“Blind peo­ple don’t re­ally need help or sym­pa­thy. Los­ing one sense means other senses are height­ened. Savlon has cre­ated some­thing beau­ti­ful but the brand could have found bet­ter ways to reach out to the vis­ually im­paired. The TV ads were more like ful­fill­ing a self-goal. If the in­tent was to cre­ate a brand dif­fer­en­ti­a­tion, they hit upon a wrong idea. This is tra­di­tional FMCG ad­ver­tis­ing and it can’t be done in sce­nar­ios like this. The fact that peo­ple are get­ting cuts due to dis­abil­i­ties can­not be cel­e­brated. The ad should have been done in a way that peo­ple watch­ing it tell vis­ually im­paired peo­ple about it in­stead of watch­ing a man cut his cheek,” says Chauhan.

Sharda Agar­wal, co-founder, Sepa­lika, a health­care ad­vi­sory, main­tains that in a coun­try where it is dif­fi­cult, if not im­pos­si­ble, for dif­fer­ently en­abled peo­ple to live their ev­ery­day life, it is an ini­tia­tive to be lauded.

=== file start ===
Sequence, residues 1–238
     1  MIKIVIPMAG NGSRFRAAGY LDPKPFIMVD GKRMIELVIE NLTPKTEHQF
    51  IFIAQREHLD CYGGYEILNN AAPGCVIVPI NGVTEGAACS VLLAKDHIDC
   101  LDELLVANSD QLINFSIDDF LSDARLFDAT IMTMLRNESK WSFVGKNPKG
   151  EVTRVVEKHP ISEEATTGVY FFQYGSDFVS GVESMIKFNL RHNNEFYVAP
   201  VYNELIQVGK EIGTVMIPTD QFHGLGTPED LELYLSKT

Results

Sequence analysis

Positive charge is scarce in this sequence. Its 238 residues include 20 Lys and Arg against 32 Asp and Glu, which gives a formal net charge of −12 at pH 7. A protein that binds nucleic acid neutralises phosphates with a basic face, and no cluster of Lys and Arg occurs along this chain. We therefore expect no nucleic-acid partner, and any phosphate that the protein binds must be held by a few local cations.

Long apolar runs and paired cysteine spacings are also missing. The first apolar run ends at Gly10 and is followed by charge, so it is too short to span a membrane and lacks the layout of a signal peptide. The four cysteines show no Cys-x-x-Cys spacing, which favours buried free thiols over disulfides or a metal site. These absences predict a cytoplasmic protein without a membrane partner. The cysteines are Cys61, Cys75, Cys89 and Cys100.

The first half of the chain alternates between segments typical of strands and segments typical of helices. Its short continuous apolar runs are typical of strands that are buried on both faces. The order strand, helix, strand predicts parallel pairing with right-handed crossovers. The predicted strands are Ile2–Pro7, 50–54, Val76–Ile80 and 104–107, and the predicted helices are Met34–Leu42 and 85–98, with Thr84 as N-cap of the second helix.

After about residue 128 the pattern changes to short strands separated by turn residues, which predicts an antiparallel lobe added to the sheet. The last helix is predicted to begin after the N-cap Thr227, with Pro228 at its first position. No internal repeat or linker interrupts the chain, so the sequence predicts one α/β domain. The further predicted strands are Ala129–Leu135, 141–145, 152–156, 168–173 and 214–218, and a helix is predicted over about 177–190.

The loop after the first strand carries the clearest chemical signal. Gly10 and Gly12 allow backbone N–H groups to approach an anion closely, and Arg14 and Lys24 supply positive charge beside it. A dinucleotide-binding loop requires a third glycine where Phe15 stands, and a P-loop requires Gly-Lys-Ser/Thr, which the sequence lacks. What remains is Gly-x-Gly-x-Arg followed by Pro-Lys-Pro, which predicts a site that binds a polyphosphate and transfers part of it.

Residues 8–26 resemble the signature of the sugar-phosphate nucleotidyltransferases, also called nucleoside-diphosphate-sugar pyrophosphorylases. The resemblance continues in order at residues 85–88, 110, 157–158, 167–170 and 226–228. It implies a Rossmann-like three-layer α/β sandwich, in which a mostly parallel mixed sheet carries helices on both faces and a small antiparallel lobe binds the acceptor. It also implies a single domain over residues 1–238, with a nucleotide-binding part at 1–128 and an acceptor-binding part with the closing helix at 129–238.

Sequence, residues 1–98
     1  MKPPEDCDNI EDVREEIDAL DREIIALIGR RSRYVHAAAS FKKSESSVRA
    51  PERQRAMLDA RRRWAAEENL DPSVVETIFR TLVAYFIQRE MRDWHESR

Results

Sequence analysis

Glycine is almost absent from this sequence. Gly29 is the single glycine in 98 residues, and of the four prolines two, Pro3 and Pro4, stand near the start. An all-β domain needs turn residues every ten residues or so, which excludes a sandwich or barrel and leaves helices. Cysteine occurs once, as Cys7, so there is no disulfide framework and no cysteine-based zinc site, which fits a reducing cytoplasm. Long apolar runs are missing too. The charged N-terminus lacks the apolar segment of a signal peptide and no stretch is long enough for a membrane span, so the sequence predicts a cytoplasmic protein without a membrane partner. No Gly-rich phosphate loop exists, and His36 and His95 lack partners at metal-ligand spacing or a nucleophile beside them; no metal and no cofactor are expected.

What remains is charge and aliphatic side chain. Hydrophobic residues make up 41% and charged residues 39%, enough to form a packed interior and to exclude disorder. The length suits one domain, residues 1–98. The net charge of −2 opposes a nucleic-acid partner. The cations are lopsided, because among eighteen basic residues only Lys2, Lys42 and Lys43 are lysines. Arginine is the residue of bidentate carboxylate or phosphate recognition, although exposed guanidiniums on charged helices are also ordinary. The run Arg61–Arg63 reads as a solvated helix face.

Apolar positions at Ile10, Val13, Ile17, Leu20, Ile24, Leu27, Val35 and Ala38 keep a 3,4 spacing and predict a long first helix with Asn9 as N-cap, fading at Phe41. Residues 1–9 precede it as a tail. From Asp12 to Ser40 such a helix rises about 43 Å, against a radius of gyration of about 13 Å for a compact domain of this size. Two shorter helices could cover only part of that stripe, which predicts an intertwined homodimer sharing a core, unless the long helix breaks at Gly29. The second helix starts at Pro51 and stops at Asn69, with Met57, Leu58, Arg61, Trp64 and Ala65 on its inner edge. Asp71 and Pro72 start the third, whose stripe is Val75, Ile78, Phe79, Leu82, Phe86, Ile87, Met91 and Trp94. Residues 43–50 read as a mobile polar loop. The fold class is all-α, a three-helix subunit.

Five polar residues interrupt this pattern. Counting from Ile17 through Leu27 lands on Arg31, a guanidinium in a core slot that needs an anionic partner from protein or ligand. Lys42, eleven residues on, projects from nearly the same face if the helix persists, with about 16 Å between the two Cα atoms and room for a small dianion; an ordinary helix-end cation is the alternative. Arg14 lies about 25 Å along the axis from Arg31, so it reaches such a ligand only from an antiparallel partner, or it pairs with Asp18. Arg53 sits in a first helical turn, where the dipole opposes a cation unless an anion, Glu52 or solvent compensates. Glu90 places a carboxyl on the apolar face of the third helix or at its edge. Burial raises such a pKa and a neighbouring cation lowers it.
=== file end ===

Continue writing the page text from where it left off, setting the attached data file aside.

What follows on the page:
“A braille-en­abled pack - cer­tainly new for In­dia,” Agar­wal says.

“The over­all tone and man­ner of the cam­paign ex­e­cu­tion is up­beat. It is about get­ting on with life; not wal­low­ing in pity. Though I’m a bit sur­prised by the choice of mu­sic. Lyrics like ‘I am dream­ing blue skies...think about you...’ jarred with a VO that said “agar chot aasani se lage...,” she adds.

To Agar­wal, the chal­lenge is not the ex­e­cu­tion but in ask­ing if this cam­paign is too lim­it­ing for the brand. “The com­mu­ni­ca­tion TG is cer­tainly a very small sub­set of their user TG. So I won­der what mo­ti­vated the brand team to choose this ad­ver­tis­ing route? A chance to stand out with­out spend­ing big bucks? An op­por­tu­nity to do good? Or is this just an op­por­tunis­tic play to cap­i­talise on World Sight Day? Take your pick on the an­swer. It doesn’t mat­ter. But this shouldn’t be a one-off ac­tiv­ity. Go the whole nine yards and make an im­pact,” she ad­vises.